Our constant questioning of reality and its possibilities lead us to uncharted territories, sometimes impenetrable, sometimes everyday deserts full of life, sometimes welcoming groves. It is a rather strange kind of loneliness that we have to keep learning to live with.
It is from and towards this wild, open, common yet extraordinary places where we're headed in search for the sources of our matter.
Knowledge, culture, tradition, science, design tools, are a light bag we carry from place to place, from project to project, not a paved road we can follow.
In these habitats, we are searching for:
'All of my work is directed against those who are bent, through stupidity or design,
on blowing up the planet or rendering it uninhabitable'.
William S. Burroughs.
Dwelling is collaborating
We listen to your needs.
From them, together we build the best possible habitat,
that can last, age and adapt to all changes
and uncertainties of your life,
and of others to come.
You are not our client. We work together to build up shared ideas.
Dwelling is living while building, building while living
Most of the inhabitants of our projects take an active part in the making of their place.
Some just paint or varnish, others build a whole part by themselves,
or with the help of local craftsmen.
Dwelling is transforming and adapting
All the habitats we build together are meant to be transformed by yourself,
and change yourself at the same time,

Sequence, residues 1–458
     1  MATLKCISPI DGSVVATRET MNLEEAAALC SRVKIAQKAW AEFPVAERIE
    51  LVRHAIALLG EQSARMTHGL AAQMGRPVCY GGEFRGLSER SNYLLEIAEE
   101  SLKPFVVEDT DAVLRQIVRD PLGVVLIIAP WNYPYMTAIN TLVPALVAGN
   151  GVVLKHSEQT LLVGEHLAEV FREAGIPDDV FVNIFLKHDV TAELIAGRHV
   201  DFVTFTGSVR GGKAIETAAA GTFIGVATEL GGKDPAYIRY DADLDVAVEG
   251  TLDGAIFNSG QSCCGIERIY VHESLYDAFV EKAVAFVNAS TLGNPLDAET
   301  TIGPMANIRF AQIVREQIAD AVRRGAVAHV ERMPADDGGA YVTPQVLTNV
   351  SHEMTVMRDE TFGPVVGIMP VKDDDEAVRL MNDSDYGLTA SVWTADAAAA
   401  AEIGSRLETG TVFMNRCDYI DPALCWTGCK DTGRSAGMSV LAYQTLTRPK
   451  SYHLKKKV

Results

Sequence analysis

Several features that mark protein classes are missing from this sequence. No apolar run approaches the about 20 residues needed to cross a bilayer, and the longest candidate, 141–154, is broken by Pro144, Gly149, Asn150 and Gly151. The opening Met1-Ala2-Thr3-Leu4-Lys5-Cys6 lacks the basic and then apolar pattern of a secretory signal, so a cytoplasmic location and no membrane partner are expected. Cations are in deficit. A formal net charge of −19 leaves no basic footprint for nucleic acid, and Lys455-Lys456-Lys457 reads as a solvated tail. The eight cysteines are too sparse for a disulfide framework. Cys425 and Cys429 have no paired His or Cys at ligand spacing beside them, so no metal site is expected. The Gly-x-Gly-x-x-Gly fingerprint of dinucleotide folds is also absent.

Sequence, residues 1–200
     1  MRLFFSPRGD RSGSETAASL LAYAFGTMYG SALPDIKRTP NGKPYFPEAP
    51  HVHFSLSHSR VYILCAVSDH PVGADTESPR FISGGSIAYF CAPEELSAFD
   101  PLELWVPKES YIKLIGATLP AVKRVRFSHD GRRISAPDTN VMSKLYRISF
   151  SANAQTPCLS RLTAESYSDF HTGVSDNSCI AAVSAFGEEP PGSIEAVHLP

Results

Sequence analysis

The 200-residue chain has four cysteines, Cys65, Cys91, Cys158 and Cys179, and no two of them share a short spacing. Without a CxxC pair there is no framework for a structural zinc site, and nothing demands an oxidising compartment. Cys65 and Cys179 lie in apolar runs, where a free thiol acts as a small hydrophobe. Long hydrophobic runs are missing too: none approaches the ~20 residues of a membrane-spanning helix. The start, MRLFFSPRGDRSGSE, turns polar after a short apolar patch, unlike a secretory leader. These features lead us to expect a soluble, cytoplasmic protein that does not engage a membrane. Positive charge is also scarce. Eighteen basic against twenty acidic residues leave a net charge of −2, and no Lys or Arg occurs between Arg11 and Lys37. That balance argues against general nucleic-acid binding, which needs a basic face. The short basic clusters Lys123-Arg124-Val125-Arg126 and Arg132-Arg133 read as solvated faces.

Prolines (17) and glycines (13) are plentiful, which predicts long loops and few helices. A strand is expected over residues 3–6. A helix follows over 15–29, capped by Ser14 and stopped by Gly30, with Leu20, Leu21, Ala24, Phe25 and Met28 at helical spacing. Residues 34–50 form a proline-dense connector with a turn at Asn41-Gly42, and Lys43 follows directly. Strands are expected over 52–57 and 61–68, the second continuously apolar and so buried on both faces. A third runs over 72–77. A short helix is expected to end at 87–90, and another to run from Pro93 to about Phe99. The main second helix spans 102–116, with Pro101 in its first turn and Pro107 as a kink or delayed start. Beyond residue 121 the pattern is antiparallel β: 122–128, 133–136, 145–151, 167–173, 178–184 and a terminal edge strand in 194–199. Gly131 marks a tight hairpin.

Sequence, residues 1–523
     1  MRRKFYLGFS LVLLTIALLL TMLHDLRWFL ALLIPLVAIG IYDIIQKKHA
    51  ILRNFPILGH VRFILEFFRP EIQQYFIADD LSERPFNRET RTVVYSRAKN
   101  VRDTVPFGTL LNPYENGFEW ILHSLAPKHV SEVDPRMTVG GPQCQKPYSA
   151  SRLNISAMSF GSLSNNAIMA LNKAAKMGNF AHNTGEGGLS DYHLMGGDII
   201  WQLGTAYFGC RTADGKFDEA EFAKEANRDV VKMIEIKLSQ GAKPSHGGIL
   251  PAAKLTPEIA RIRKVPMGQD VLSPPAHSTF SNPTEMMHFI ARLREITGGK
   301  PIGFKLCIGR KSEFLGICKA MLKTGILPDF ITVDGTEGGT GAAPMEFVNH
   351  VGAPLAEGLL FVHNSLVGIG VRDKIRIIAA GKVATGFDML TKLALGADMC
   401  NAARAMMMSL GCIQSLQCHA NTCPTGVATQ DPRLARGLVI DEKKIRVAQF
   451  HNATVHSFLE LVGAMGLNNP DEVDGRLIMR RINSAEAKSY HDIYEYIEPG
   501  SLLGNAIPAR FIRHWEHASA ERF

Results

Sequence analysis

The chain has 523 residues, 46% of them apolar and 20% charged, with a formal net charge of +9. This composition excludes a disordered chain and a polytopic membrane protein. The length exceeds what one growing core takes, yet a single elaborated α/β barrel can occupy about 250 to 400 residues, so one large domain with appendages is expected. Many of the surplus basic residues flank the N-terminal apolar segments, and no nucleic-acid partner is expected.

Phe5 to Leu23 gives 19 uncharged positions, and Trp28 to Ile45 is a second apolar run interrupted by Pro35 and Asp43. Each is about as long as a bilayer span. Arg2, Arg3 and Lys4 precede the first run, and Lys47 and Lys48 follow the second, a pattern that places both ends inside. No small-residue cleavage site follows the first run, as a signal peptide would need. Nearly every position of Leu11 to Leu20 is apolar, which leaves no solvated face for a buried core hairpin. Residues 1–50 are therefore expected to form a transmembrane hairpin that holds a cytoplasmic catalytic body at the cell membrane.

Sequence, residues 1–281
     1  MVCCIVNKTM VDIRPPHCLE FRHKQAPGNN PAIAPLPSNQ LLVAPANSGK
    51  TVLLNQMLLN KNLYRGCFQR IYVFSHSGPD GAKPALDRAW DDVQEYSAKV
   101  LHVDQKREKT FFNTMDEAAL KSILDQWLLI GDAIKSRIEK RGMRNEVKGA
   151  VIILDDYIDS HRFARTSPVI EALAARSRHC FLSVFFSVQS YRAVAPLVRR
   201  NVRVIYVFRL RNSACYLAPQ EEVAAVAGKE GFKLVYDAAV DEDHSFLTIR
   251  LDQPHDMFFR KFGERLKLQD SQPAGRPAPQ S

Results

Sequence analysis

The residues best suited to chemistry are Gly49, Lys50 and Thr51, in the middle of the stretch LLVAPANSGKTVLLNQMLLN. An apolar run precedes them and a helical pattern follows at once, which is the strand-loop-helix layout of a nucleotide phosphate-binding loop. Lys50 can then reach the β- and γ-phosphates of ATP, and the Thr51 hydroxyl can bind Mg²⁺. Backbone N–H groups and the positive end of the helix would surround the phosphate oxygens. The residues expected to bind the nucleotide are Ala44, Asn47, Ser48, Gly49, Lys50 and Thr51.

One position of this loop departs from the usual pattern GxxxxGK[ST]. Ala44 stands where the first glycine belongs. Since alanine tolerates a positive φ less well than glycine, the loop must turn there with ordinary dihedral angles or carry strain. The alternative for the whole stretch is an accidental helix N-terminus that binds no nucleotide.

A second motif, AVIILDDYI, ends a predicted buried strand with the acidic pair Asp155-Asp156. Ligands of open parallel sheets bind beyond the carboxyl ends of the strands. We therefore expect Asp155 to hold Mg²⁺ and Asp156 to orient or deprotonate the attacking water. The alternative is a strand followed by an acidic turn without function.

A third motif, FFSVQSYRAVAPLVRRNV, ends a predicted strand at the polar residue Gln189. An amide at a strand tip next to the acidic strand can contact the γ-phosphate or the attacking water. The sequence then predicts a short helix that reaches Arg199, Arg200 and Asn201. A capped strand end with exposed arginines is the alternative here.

adapting easily to your journey in life.
Dwelling is leaving traces, but above all leaving no junk behind.
Developing local abilities and tools
In our towns we find a few remains of traditional craftsmanship,
and no prefabrication industries.
Sometimes we need to dig into lost ancient techniques and materials.
Others, we have to work on easy, rough solutions
that don't require highly skilled builders,
even venturing in the dangerous hot and wet trades.
On the meantime, we stubbornly develop a net of new crafts
and embrace self-build strategies.
Most of the time we do both.
We don't have a workshop,
but we are highly involved in the means of production of each of our works.
From degrowing to ungrowing
We are moving towards the use of closed cycle,
decomposable, direct energy and material systems.
Meanwhile we keep consuming less transformed resources,
less energy deposits.
It is a rigorous, complex search.
Needing less, learning from what's poor.
At ease in frugality.
Dynamic Weather Systems
Around here you could live outdoors for six months.
For three months the sun heats too much,
then for three months it is too weak.
You would die without a shelter.
We are looking for ways to take advantage of these situations.
There are some local dangerous variations:
strong northwestern winds, heavy rainstorms, seasonal floods...
Not only we protect you from them,
but try to turn them into something useful.
Here we find two ecosystems in constant tension: